Went down to the oasis today. Saw 41 species in the little time I had to watch between chores. The highlights for me were lots of Lark Buntings, a Field Sparrow, Cardinal (while I have lots of Pyrrhuloxias, I seldom get Cardinals),
and here's a female Rufous Hummingbird.
Summer residents are still arriving. Now have Bell's Vireo and Ash-throated Flycatcher. Sage Thrasher still around.
I noticed that pair of Mexican Ducks is still hanging around (see post of Feb 2, 2011). We have a pair of domestic ducks also, and we've found quite a few duck eggs in the ponds. I don't know which ducks laid the eggs. So today I tried to construct my first duck nest tunnel. We'll just have to wait and see what happens. I know next to nothing about it but it would be so cool to have baby Mexican Ducks running around.
Any advice on how I can improve the nest will be appreciated.
I'm sure you all must be tired of seeing and hearing about my Lucifers, but I just wanted to tell you about what I recently observed. Yesterday it seemed the courtship activity was winding down and I didn't see a courtship display until 7:30 PM.
So today when I wanted to show some visiting friends the display, we got ready with our cameras around 7 PM. Around 7:15 PM the female went and perched on the yucca (I call it the lekka-yukka). Periodically she'd fly out a foot or two and back into the yucca as if she was trying to make sure the male noticed her there. From the sound of it I think he was doing a little display to another female out of our sight. She continued doing her little forays until right at 7:30 the male came and displayed to her. Unfortunately, it all happened too fast for any of us to focus our cameras, but it was awesome to see. Below is a photo of her impatiently watching and waiting.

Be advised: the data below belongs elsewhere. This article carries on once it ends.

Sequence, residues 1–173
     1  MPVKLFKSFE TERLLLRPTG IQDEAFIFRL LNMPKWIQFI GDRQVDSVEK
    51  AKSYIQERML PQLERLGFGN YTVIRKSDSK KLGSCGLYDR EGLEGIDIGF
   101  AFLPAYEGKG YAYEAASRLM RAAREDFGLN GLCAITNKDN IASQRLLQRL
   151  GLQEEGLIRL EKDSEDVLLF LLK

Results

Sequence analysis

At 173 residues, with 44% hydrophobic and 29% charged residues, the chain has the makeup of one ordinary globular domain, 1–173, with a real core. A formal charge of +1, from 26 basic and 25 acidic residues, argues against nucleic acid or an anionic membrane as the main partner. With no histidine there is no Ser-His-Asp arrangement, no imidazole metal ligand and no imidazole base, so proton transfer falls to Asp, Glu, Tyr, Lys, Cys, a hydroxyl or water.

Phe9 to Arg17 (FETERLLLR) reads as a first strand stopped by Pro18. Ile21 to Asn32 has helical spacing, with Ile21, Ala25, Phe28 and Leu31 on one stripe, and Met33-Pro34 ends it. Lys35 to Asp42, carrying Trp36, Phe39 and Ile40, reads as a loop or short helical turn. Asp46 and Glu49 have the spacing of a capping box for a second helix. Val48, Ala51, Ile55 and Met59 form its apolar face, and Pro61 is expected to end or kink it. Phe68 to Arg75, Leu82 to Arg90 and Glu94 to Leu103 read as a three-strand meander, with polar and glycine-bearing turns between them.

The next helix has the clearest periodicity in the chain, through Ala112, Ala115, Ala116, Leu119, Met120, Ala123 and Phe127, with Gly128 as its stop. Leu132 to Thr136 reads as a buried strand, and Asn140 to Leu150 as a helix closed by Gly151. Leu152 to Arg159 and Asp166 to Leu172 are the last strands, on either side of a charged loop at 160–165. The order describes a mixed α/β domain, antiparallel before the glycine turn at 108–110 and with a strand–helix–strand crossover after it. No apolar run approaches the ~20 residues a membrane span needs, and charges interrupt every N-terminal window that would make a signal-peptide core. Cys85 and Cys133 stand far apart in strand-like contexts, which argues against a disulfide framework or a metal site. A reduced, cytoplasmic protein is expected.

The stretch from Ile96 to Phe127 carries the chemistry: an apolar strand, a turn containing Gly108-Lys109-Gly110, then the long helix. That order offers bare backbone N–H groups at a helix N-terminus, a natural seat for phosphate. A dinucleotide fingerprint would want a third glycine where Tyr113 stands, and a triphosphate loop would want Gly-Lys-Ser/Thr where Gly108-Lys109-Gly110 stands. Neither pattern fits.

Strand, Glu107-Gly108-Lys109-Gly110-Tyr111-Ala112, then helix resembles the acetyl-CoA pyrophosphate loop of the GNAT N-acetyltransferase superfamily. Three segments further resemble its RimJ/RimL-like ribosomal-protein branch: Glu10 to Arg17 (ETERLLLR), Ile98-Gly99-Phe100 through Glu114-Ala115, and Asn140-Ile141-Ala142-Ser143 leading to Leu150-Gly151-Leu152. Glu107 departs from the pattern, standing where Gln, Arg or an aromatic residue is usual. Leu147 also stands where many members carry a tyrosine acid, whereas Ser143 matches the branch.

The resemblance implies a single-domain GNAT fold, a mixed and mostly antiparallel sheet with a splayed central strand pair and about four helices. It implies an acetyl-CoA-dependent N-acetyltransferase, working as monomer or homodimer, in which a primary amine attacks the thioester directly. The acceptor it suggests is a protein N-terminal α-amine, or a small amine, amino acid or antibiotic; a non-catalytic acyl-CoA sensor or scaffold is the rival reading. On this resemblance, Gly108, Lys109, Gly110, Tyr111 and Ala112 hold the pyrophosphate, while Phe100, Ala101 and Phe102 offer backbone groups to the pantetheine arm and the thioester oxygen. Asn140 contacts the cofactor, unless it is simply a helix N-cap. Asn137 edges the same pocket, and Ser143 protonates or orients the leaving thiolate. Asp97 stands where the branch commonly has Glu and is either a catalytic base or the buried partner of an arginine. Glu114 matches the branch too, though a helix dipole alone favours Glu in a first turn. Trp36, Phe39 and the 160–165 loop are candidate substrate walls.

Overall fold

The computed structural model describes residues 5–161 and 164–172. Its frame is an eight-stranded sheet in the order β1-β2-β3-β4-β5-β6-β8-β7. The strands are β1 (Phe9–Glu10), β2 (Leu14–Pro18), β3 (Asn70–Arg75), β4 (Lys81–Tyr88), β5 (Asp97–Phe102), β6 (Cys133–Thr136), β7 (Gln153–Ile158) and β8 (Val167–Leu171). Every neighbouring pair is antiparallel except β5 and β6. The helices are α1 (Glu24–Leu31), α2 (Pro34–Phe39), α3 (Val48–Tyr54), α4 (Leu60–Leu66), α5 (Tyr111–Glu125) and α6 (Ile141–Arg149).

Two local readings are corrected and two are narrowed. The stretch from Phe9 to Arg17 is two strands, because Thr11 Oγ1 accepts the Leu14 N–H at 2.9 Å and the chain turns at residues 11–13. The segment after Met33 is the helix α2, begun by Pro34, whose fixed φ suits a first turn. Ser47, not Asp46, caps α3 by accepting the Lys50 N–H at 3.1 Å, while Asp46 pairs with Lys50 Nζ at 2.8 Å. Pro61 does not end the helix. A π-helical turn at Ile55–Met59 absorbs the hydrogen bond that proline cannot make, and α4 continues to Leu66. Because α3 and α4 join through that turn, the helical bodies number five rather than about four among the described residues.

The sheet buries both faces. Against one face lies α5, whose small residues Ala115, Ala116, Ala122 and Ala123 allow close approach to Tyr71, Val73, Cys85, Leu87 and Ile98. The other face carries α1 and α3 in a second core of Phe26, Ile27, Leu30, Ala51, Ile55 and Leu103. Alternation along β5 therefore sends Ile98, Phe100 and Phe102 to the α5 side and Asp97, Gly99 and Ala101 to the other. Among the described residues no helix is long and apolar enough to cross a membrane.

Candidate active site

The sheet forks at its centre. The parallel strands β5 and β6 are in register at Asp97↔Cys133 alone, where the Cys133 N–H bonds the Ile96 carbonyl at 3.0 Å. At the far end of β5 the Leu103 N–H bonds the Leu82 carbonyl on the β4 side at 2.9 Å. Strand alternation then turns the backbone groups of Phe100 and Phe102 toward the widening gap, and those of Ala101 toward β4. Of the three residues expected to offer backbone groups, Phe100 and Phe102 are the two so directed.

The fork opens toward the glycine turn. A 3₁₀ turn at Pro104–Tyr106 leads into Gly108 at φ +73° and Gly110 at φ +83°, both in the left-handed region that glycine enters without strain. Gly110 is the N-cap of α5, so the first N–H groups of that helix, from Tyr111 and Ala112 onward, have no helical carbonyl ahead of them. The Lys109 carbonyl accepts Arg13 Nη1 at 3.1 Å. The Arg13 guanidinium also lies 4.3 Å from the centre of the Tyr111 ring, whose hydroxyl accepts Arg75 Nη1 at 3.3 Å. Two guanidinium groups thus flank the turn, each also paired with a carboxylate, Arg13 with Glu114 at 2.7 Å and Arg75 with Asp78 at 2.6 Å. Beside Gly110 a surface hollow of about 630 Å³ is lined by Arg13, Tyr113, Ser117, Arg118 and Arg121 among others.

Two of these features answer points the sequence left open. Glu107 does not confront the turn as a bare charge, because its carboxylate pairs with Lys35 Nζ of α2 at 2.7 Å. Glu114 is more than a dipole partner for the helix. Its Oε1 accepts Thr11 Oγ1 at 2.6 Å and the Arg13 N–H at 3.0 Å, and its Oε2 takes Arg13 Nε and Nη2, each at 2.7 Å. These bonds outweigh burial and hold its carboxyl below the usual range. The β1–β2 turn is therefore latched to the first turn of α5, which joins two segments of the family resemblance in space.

The male Black-chinnedHummingbird (pictured below) did his own courtship display, but his dives and loops are way too fast for me to photograph.
Came down from Alpine early this morning hoping to take video clips of the Lucifer courtship displays. After I gave up near noon, and was a ways away, I heard the display briefly. Got there too late. Maybe tomorrow.
Because of the many past dry months I'm rationing water. However, I can't resist putting the sprinkler under a couple of cottonwoods and mulberry trees. It brings so many birds in to drink too. Mulberry below.
If we don't get another freeze this spring there will be lots of mulberries for migrants.
Ladder-backed Woodpeckers seem to have claimed one of the nest-hole boxes I installed last month. There are still plenty left for the Elf Owls. In fact this pole has a couple of other nest options. Click to see the woodpecker inside.
It was a surprise to see both the male and female Lucifer Hummingbirds this morning for the first time this year. I had expected the male to arrive first. The only Black-chinned Hummingbirds here are the males.
There are the usual large number of sparrows for this time of year. Among them I located a Field Sparrow, several Brewer's, Lincoln's, Black-chinned, and some I'm not sure what they are.
I love Green-tailed Towhees and since they'll be leaving soon I thought I better take a photo of one.
I saw the badger that was seen by the Dortch's a couple of days ago (see Mar 10th post). I assume the Elf Owls have arrived even though I haven't seen or heard them yet. They don't call every night and I haven't looked for them in the evening. It's getting exciting around here.